* Reducing gang and drug market-related violence and crime;
* Reducing drug availability;
* Reducing drug use among young people;
* Expanding voluntary, on-demand treatment, detox, Methadone;

We have big problems that keep getting bigger. They will not go away
by repeating past mistakes or without questioning basic assumptions.
Gov. John Kitzhaber put it well when he recently addressed the Citizens
Crime Commission on the subject of crime prevention, "We are creating
new crimes, we are building more prisons - we certainly know how to do
that. But frankly, that doesn't take much heart." We have lots of
sticks, but we need more carrots.

Here's a very moderate suggestion which would be a good first step at
partially disabling gangs, getting more addicts into recovery and
remain politically palatable: Declare a Public Health Emergency and
back it up with enough resources. Let's do everything possible to help
those who are ready to kick drug addiction, to do less is hypocritical.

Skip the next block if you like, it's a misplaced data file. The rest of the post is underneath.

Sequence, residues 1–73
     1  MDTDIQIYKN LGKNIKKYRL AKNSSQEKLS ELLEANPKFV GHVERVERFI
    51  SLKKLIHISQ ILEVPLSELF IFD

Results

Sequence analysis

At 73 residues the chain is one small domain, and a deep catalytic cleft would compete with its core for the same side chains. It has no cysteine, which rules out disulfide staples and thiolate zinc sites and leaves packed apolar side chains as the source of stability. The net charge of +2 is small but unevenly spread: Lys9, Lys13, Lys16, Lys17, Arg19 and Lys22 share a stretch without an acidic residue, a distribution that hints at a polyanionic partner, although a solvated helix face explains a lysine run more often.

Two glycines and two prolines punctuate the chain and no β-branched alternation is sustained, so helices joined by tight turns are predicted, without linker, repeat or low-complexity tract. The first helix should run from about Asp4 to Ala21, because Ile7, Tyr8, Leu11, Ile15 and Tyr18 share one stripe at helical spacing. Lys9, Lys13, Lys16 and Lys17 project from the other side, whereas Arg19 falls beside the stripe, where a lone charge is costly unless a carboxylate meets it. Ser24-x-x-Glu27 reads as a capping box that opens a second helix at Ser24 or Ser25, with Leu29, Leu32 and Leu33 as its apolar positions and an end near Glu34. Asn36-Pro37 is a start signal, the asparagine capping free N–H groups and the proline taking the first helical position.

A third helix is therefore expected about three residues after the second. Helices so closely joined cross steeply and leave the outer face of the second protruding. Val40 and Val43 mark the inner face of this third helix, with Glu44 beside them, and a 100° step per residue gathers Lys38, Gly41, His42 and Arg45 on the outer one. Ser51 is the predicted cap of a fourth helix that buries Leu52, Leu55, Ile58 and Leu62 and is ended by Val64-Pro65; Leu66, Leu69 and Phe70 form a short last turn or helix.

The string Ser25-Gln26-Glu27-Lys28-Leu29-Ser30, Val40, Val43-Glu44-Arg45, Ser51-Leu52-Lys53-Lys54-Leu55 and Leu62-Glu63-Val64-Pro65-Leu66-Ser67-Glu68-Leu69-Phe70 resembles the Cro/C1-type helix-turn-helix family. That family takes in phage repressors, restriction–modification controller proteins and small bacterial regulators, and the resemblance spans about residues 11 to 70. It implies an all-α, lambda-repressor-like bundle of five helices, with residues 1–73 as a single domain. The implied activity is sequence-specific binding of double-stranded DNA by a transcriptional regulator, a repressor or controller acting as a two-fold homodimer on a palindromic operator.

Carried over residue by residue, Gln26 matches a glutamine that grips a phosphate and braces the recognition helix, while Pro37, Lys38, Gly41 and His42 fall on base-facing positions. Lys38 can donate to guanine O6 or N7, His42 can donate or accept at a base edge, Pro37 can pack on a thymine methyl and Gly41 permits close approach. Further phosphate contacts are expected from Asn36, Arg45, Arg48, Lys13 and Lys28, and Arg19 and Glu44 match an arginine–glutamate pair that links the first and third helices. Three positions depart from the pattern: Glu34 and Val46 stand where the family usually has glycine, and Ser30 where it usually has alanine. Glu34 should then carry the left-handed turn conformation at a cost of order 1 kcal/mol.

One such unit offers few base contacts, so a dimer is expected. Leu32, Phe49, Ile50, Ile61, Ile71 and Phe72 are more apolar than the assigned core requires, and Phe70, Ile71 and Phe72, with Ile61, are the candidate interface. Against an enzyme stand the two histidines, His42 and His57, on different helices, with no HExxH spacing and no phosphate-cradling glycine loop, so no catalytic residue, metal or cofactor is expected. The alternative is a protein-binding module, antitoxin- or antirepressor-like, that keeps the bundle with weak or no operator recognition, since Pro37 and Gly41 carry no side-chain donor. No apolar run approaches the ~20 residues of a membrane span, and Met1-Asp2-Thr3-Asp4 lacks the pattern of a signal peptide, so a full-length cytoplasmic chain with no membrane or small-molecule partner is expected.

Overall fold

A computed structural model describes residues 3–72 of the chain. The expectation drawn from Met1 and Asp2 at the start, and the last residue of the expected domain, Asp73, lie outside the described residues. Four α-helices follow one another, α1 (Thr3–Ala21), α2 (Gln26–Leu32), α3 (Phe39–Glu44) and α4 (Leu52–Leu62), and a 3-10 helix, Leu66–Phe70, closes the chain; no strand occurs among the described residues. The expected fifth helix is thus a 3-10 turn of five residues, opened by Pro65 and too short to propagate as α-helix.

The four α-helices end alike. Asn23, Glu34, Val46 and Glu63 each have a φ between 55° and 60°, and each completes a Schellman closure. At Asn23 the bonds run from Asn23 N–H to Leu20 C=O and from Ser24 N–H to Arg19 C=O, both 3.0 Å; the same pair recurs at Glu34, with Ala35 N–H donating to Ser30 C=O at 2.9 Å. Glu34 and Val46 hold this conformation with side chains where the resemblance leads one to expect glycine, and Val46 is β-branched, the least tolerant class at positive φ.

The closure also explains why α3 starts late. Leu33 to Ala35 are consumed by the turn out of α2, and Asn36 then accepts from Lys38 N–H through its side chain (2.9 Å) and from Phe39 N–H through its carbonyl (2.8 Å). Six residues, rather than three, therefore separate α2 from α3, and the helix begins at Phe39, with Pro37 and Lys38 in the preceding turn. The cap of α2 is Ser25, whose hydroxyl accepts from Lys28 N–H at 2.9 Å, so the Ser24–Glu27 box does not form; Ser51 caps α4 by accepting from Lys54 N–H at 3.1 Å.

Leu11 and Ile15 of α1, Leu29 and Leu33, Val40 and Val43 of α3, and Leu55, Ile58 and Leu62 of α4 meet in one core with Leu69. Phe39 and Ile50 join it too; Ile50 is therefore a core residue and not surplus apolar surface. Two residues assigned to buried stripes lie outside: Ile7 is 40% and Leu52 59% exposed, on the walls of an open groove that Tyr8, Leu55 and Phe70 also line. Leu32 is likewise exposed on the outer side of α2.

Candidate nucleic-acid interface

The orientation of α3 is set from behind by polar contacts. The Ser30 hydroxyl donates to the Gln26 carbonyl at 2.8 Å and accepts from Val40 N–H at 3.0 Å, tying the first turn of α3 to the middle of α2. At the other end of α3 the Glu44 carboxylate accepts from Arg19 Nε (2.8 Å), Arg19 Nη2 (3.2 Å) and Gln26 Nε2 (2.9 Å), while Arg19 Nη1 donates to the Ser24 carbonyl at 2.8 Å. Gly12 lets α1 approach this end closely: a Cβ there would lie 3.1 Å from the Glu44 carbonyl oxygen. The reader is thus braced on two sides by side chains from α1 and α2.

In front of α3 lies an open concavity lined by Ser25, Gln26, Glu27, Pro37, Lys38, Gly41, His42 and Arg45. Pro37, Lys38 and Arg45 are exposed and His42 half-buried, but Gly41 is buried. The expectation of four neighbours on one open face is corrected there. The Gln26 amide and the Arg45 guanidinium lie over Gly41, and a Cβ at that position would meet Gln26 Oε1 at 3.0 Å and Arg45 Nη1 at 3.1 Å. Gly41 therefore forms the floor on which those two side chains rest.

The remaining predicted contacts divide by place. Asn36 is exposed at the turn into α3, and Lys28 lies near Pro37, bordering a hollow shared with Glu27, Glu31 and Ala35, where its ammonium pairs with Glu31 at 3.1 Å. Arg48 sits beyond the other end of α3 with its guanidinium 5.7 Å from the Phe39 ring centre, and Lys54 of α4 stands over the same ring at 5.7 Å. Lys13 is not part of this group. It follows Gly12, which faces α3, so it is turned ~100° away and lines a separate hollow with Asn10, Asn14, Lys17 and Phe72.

Let's break this connection between gangs and their customer base.

Unfortunately most addicts will probably not come in from the cold
without addiction maintenance (the really big carrot). What's really
needed is a full-blown Harm Reduction approach, complete with medically
supervised addict maintenance. The Swiss, for example, have made
dramatic breakthroughs in stabilizing incorrigible addicts, getting
them away from crime and gangs. The Mayor should appoint a fact
finding team to go to Switzerland, immediately.

If you agree please call Mayor Vera Katz at (503-823-4120) to let her
know, and come to the Wednesday City Council meetings noted above.

Burning Boat - Three Rescued, Pot Bales - Arrests Follow
('Associated Press' Newscast By KOIN, Portland's CBS Affiliate,
About US Coast Guard Interdiction Of 50 Bales Of Marijuana
In Neah Bay, Washington)

KOIN Channel 6
Portland, Oregon
letters to editor:

Burning Boat: 3 Rescued, Pot Bales
Arrests Follow

NEAH BAY, Wash., Updated 7:57 p.m. December 1, 1997-- The Coast Guard
rescued three people - and more - from a burning sailboat near Neah Bay,
Wash. Fifty bales of marijuana baled too.

That's the word from The Associated Press.

Customs officials say 30-year-old John Benjamin Ricker, 43-year-old Jim
Garvorcauskas and 48-year-old Amir Llumbantobing were trying to smuggle

All three appeared before a U.S. magistrate in Seattle this afternoon and